Should You Keep an Exercise Diary?
Competitive athletes always keep exercise diaries, and I encourage all my patients to do the same. When you record your progress in your journal, you have a written record that is a positive reminder of the healthy changes you are making in your life. An exercise diary is a great way to:
– Make yourself accountable for each day.
– See changes and real improvements on paper.
– Help your mind focus on the goal at hand each and every day.
– See how changes were made so that you can maintain your progress (and even review what to do if you get off track).
– If you suffer an injury, you can go back to your diary and see if you can figure out what caused the problem.
– Share your success and strategies with others who need help.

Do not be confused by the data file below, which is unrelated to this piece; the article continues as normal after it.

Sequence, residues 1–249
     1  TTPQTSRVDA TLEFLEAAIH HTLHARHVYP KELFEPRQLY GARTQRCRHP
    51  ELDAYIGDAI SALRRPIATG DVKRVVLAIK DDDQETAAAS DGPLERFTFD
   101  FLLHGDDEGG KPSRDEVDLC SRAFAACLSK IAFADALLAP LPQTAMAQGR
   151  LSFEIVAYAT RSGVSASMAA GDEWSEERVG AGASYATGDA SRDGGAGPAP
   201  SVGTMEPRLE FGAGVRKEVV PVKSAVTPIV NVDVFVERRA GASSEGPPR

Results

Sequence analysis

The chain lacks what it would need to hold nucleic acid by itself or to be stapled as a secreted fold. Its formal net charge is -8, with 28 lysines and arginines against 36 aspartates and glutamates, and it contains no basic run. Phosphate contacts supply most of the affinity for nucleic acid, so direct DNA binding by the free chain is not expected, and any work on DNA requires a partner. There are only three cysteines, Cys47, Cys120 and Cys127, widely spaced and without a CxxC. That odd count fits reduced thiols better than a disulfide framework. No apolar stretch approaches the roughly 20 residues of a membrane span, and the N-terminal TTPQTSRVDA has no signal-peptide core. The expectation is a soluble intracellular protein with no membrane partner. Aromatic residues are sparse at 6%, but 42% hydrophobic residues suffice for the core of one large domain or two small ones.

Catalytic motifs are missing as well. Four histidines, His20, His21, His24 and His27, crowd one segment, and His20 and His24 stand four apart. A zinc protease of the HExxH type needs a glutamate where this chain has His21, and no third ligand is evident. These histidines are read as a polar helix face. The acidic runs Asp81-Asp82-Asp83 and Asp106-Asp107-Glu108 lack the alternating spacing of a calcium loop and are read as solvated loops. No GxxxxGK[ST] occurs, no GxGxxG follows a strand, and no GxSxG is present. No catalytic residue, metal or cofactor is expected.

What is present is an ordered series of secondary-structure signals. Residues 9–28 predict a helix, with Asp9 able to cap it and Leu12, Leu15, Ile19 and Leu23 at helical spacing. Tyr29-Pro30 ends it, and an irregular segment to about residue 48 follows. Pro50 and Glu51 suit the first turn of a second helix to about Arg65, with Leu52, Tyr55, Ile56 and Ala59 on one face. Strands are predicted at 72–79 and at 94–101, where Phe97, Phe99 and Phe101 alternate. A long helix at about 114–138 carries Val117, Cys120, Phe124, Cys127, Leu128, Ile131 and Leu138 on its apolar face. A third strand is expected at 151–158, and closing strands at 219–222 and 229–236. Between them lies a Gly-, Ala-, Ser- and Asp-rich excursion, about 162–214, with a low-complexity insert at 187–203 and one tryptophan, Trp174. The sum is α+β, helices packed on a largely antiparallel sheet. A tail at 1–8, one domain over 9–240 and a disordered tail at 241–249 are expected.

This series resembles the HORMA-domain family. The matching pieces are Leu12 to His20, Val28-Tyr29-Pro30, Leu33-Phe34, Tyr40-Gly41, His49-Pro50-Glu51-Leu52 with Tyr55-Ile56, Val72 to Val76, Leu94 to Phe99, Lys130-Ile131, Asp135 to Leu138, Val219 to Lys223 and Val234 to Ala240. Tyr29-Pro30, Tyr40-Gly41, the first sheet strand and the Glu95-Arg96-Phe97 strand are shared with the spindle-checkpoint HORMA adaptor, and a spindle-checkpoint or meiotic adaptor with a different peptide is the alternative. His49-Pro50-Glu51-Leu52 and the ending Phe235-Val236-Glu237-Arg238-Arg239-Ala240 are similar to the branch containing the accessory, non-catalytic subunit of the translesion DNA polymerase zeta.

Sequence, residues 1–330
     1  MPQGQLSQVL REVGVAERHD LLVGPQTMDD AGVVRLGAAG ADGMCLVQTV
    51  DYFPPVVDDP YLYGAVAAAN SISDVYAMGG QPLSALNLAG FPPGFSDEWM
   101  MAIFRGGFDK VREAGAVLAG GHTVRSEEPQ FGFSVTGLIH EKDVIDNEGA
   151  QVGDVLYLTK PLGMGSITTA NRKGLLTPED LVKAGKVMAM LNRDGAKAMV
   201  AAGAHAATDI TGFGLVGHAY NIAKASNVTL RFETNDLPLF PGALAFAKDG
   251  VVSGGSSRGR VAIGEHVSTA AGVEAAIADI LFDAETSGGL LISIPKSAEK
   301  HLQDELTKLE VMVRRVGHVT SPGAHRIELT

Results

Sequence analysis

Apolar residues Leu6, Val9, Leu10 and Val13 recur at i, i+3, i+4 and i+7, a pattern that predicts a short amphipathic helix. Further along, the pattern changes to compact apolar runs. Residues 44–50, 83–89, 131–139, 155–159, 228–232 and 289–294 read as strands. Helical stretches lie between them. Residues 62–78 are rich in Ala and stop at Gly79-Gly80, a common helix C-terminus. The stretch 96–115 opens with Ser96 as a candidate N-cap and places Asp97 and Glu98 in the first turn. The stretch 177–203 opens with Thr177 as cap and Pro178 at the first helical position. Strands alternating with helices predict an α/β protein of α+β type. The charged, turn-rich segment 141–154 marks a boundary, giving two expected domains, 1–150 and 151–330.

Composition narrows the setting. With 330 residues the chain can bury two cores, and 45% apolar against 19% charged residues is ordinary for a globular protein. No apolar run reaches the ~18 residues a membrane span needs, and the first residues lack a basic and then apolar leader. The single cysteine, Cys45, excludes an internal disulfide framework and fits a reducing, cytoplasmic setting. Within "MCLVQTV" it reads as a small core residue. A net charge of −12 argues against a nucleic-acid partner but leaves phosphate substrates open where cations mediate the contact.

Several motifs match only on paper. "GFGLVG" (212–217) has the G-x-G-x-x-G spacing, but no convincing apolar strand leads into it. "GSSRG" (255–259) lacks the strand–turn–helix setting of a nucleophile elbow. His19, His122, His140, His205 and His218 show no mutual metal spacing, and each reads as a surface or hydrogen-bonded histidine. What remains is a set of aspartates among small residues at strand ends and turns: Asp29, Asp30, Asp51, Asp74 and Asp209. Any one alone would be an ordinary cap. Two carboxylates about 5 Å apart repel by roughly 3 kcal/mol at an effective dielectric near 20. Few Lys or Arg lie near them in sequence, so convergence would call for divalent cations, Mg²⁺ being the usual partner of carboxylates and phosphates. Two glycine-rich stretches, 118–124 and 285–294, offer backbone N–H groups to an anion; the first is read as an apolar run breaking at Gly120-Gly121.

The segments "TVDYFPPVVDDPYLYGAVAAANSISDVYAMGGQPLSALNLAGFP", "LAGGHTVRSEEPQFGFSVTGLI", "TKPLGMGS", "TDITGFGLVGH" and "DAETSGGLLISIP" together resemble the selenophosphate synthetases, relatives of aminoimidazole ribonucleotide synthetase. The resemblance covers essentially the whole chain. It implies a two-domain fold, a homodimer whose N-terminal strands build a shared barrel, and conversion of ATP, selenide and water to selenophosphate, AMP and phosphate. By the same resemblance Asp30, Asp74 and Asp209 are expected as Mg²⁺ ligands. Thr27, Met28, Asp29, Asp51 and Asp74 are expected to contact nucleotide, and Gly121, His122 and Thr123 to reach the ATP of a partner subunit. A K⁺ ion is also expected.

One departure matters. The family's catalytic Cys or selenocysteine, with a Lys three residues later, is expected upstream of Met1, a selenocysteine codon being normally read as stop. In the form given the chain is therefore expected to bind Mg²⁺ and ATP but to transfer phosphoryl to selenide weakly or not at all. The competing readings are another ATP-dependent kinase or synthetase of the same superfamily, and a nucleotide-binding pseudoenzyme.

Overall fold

You can use a calendar with large date boxes, a pocket appointment diary, or any plain notebook. If you’re a high-tech person, use your PDA, Palm Pilot or computer. Many programs are available for fitness buffs, or you can set up your own. When you are starting a new exercise program, jot down the length of time you exercised and your distance. You may want to add comments for yourself (how hard you worked, whether you had any discomfort, and so forth.) Later you will want to record more detailed information.
Keeping a diary should NOT make you feel that you must exercise a certain amount or go a certain distance every day. Don’t be afraid to take days off if you need them. Listen to your body and rest or go very easy whenever you are sore. If you find that you need to take a lot of days off, you might want to add a second activity that uses a totally different set of muscles.
Dr. Gabe Mirkin has been a radio talk show host for 25 years and practicing physician for more than 40 years; he is board certified in four specialties, including sports medicine. Read or listen to hundreds of his fitness and health reports at http://www.DrMirkin.com